In New Solutions Extrusion Corporation v. Gauthier,  Karakatsanis J. discussed the onus on the plaintiffs to sustain an allegation of conspiracy in the context of a summary judgment motion. The plaintiffs had advanced “scandalous allegations and conclusions” about the defendant lawyers to commit the alleged conspiracy without a real evidentiary foundation for such statements of fact or intention. The court, in acknowledging its mandate to “take a good hard look” at the evidence to determine if there was a genuine issue requiring a trial, found that there was no evidentiary foundation to support these allegations. Madam Justice Karakatsanis said this at para. 37: Of course it will always be difficult to prove intention or purpose or knowledge by direct evidence. However, there must be evidence of a factual basis capable of raising the inference of a state of mind or of an agreement between the co-conspirators.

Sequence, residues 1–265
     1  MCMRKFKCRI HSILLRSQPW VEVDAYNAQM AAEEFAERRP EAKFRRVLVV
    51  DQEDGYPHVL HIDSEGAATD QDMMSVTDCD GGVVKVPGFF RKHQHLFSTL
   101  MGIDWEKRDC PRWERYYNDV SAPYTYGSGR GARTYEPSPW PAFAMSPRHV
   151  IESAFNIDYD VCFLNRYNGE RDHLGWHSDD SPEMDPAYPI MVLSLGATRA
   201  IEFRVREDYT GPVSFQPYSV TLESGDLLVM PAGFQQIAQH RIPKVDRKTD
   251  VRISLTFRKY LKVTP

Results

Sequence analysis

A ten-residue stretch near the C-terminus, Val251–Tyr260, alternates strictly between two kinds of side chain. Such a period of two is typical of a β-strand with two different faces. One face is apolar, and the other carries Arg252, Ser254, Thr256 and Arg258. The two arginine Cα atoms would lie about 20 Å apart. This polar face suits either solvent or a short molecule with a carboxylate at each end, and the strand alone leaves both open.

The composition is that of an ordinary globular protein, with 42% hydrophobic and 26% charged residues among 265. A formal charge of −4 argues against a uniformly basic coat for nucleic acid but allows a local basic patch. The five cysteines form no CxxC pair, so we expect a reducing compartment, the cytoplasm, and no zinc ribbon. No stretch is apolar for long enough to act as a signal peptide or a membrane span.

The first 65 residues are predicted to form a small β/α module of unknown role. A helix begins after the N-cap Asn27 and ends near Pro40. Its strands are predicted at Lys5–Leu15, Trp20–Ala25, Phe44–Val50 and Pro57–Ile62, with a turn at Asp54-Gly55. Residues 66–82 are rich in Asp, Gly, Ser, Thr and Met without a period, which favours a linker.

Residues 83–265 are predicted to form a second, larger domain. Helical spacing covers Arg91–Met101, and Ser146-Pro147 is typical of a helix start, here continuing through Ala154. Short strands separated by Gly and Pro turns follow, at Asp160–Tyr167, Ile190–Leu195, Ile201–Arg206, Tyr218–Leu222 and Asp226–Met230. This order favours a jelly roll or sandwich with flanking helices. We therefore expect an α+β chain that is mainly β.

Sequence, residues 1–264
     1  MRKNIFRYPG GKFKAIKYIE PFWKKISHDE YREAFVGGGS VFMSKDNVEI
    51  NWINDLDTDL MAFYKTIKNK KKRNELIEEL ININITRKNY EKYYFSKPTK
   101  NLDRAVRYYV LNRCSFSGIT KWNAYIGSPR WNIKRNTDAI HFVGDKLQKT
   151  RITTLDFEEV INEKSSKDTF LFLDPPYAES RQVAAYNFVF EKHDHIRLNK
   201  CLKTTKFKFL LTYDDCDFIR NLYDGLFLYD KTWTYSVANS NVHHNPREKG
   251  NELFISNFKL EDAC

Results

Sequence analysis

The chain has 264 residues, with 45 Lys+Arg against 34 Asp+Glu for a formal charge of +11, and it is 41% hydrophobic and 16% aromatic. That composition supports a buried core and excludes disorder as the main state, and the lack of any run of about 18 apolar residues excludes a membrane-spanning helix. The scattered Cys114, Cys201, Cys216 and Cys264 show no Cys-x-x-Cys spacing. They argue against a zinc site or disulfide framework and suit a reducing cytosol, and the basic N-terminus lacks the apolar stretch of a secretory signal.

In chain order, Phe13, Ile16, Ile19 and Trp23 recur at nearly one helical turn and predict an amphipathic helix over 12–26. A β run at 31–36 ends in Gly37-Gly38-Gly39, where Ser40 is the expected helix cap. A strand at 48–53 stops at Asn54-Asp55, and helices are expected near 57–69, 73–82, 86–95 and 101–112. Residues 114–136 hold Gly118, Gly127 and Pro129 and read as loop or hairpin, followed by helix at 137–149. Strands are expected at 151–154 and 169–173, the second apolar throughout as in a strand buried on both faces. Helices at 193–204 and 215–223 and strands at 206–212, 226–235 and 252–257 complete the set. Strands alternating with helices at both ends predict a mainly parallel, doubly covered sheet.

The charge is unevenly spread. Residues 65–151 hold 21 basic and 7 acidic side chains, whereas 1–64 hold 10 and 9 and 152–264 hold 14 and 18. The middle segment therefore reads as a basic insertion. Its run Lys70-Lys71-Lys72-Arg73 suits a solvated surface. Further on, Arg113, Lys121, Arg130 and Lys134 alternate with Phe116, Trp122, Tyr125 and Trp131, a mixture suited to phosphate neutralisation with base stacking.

Get a full legal research memo!
The above passage should not be considered legal advice. Reliable answers to complex legal questions require comprehensive research memos. To learn more visit www.alexsei.com.